Q: When you first created Virgin River and started writing novels based there, did you have upcoming characters—like Leslie and Conner from Hidden Summit—in mind, or has that come since you created the town? How has the series evolved?
A: Most of the Virgin River novels have evolved out of the first. When I began I thought I was writing one novel. By the time I’d written 100 pages I knew there was potential for more. By 250 pages I realized that out of 9 marines in a squad that stayed tight, 5 were still single—including Jack and Preacher. It took me 4 books to settle 5 marines and then, since my readers weren’t ready to stop, I tapped into the Army with Luke Riordan, the first of 5 military Riordan brothers. Others have come along the way—friends, relatives, newcomers to the town. Virgin River is a large canvas—lots of people coming and going all the time.
Q: Even though you write contemporary romance novels, your Virgin River series takes on major issues. Hidden Summit deals with everything from Leslie’s drive to declare independence from her ex-husband to the witness protection program. And Redwood Bend addresses what it’s like for single parents who lose their spouses in war. How do you manage to keep real topics approachable in each book? And how do you decide which newsworthy topic you’re going to write about next?
A: First of all, the Virgin River novels are ‘real time’ novels—the books that were published in 2007 took place in 2007, with current world events as the backdrop to the story. The 2012 books take place in 2012—it’s easy to keep oriented that way.
We re-evaluate with every story—looking for those deeply emotional issues that challenge all women. They’re called women’s issues even though they belong to men and women—as an example, the widowed step-father who has inherited the step daughter from hell when his wife passed away. We—and by ‘we’ I mean the publishing team of agent, editor, anyone associated with the publication of these stories—discuss and consider these story platforms. These are the things my readers write to me about— losing a spouse, a child, medical issues, relationship problems from divorce and widowhood to reuniting with a lost lover. And, there’s always a significant romance added in. That’s the formula, if there is a formula—women’s fiction and romance in a very special setting.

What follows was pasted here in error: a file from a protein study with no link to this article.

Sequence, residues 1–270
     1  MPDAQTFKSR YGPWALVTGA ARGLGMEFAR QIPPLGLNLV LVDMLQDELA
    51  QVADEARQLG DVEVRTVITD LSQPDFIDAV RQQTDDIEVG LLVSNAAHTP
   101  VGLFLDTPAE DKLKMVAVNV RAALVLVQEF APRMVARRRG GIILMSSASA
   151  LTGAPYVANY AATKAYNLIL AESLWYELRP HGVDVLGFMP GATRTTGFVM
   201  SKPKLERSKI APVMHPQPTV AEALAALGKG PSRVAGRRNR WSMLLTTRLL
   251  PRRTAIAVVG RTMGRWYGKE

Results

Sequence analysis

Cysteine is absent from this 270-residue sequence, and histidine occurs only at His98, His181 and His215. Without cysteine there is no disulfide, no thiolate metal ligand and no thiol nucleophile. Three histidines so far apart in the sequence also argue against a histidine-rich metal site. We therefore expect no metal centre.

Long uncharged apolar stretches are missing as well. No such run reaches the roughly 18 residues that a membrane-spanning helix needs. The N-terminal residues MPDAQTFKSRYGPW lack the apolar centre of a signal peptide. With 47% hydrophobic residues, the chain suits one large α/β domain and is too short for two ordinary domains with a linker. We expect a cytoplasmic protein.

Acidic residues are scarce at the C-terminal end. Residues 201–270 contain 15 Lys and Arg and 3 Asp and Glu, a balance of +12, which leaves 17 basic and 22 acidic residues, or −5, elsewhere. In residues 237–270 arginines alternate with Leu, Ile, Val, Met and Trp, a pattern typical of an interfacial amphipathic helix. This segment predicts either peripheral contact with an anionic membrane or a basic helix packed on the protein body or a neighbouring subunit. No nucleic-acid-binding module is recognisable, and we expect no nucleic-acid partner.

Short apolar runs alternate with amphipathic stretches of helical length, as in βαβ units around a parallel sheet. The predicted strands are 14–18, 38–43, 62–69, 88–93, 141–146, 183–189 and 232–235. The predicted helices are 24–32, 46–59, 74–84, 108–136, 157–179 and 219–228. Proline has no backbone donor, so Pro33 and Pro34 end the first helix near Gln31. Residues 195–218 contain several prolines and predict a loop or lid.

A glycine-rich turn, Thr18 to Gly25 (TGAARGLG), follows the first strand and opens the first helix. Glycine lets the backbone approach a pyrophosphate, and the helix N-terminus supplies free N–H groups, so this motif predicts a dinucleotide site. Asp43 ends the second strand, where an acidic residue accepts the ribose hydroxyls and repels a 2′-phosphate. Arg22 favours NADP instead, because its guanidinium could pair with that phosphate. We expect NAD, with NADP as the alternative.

Q: When you start a trilogy like Hidden Summit and the forthcoming Redwood Bend and Sunrise Point, do you have the plots of all three books worked out? Or does each novel take on a life of its own as you write?
A: I have an idea of the characters and plots to start with, but these stories tend to evolve and become much more complicated as I write. The characters begin with basic personality traits and back stories, but by the time I’ve finished a book, they’re much deeper, more interesting, more engaging. The beginning is a skeleton, the revision adds flesh to their bodies. The most intricate and entertaining parts of the story come later, on the fourth, fifth or sixth fine tuning re-write.
Q: You come from a military family—your husband was in the Air Force and your son is in the Army—and you often talk about the importance of the military in shaping you as a person. How has your experience with the military helped create Virgin River?
A: There are so many ways—so many answers. First of all, try to find a person who has no connection to the military, who has not been affected, whether in peacetime or war. Try to find a person with no relative, neighbor, friend who has not been directly impacted by their relationships to men and women who stand the watch. Hard to do. When I was in high school a very close friend’s brother was killed in Vietnam and I went to the funeral—I was 16. Four years later I married my high school sweetheart right before he left for Officer’s Training—he had a low draft number and it was either go to Air Force flight school or be drafted. My story is not unique.
Second, the military is a special community of support; they care for the needs of each other in a way it’s hard to replicate anywhere else in society. When young soldiers deploy, the families they leave behind struggle—emotionally, financially, psychologically—and it’s their war too! They have each other, and believe me, that’s essential to their survival. Reinventing that in a small town that happens to be populated by men who have served and know the importance of commitment and support—it is recognized by so many who have come from those military roots. It’s appreciated by those who have been near such situations even if they’re not directly related to or descended from them.
Q: You write a lot of strong women, but they all go through some sort of character evolution in Virgin River. What is it about the town that helps people discover their best selves?
A: Every woman faces the challenges Virgin River women face! That’s why the readers relate and write to me about their own issues. They don’t all have breast cancer or widowhood or domestic battery to deal with, but they all relate personally. If it’s not the reader who has had these experiences, it’s the reader’s sister or cousin or neighbor or co-worker. And the things that get women through crises like these are professional help, friendship, opportunity, understanding, education and no small amount of love. It’s all there—there is Mel Sheridan, a women’s medical practitioner, Jerry—the psychologist one town over, Jack and Preacher, marines who have seen it all and are wise to the casualties of war, Noah Kincaid, a minister with a wide view of spiritual faith and the world, and dozens of willing friends and neighbors.